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Author Topic: LTJT - poynt99 Tests #2  (Read 89556 times)
Group: Professor
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Now let's look at the case where the secondary output circuit is cut open circuit, and the collector LED re-connected as the only load. Note that the LED goes through the 1 Ohm to ground.

colout_input_mean.PNG indicates an average INPUT power of 41.53mW.

colout_output_mean.PNG indicates an average OUTPUT power of 37.1mW.

n=89.3%

As you can see, it is far more efficient to load the JT from the collector than from a secondary winding with 110 Ohms series resistance.

Also of note, comparison of this unit with my P9901 air-core unit, you can see that a ferro-magnetic core is not used to make the device function (via core saturation), but rather to make it much more efficient, i.e. 90% vs. 50%. Q. How does it do that? A. By increasing the inductor Q.

.99

   This is interesting.  When you take measurements, please include a measurement of the power dissipated in the input-current-measuring-1-ohm-resistor [CSR1 -- did I get your definition correct this time?] for the above circuit.

That is, please re-calculate:

colout_input_mean.PNG indicates an average INPUT power of 41.53mW.

when you have subtracted the power dissipated in this current-measuring resistor; it is not essential to the operation of the circuit, but is useful for measuring the current.

And then re-calculate n, if you would. 

Looking forward to your measurements.
   
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  I would add that I'm personally learning a lot from a study of this "simple" JT circuit, using my own oscilloscope now.  The V*I math function on it is particularly useful. 

And I'm learning a lot from the civil discussion we're having, and for that I thank you (particularly .99).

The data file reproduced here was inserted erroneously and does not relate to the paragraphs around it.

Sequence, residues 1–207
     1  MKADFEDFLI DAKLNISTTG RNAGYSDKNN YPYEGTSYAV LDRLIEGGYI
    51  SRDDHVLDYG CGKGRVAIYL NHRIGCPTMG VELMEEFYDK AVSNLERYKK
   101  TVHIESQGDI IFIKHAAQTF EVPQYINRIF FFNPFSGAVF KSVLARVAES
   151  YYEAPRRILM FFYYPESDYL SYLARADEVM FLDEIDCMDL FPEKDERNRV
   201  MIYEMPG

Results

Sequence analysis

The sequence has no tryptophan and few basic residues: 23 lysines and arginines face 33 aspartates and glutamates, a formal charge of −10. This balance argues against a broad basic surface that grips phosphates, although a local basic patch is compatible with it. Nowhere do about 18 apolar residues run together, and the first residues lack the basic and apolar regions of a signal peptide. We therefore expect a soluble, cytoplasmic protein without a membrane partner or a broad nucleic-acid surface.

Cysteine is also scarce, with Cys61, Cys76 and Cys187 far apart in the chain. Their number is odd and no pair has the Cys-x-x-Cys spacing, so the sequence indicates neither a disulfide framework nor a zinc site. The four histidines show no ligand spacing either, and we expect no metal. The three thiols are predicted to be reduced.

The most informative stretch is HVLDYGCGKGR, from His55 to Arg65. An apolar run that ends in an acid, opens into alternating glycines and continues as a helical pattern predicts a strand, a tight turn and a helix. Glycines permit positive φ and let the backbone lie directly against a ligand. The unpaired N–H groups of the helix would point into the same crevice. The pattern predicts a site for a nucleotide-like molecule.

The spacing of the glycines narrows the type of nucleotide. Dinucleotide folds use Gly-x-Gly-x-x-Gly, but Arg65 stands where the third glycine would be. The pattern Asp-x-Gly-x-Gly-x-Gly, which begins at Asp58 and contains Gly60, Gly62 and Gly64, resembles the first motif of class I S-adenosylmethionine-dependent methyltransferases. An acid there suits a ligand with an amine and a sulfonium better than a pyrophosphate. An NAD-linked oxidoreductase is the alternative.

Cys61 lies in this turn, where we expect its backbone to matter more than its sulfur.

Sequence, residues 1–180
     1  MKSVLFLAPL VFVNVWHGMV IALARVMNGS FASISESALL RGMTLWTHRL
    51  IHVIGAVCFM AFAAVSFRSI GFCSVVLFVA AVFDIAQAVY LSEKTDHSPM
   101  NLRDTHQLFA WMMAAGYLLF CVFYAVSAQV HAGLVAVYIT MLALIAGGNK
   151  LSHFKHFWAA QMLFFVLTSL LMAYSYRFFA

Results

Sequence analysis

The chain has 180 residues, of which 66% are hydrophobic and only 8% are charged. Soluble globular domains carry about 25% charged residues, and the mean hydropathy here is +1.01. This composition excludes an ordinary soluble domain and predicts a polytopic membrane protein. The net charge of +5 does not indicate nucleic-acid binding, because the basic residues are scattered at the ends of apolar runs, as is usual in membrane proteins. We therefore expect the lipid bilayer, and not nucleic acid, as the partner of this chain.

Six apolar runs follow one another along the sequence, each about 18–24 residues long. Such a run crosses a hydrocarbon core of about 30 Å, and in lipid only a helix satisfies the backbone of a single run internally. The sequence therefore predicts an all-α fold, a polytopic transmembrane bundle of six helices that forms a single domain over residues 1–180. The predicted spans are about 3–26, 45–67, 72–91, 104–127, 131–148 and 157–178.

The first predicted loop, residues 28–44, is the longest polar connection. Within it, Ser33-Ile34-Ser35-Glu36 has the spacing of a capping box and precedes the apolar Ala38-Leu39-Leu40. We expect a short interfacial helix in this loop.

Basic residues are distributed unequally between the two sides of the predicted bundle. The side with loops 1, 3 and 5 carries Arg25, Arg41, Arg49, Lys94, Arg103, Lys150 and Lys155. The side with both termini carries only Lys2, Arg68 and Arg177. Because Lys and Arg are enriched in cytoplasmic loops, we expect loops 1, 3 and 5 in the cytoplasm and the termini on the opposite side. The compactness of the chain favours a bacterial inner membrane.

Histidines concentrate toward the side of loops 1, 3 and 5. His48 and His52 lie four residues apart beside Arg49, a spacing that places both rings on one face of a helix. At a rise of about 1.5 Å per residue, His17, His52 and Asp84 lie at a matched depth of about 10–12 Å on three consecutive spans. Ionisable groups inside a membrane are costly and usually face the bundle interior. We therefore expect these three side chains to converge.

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OK, so I did with my own circuit what I'm asking .99 to do.

I disconnected the "LT" part of the LTJT circuit, so just looking at the JT circuit.  See attached photo of the set-up.
Connections across the "input" CSR we've been discussing (CSR1) and across the battery.  The green waveform on the DSO is the total power input (Vbatt * I-csr1). 

Next:

  Red LED from the collector then across a 1-ohm measuring resistor (call it CSRb).  Result is shown in the second photo.

It's a bit rough to calculate the energy into the circuit and the energy out to the LED-CSRb  -- my DSO does not give the MEAN for the math function.  I calculate energy as explained previously, taking the area under the green Power waveform, for one cycle.  I hope .99 will do the measurement the other way this weekend...  I may try to go to the University and use the Tek 3032 also...

Long story short, I gotta run!  but I find that the NET input power to the circuit is a little less than the output into the LED-CSRb ... 
I probably made some mistake.  n is about 1.3 weird... 
really gotta run


   
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 :o my mechanical model predicted a theoratical 1.5